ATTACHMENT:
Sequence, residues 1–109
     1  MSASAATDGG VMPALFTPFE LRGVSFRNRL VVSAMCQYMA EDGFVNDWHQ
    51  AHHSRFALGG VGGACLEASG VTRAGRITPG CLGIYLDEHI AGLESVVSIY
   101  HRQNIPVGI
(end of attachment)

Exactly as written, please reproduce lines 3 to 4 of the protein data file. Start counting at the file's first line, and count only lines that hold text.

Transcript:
    51  AHHSRFALGG VGGACLEASG VTRAGRITPG CLGIYLDEHI AGLESVVSIY
   101  HRQNIPVGI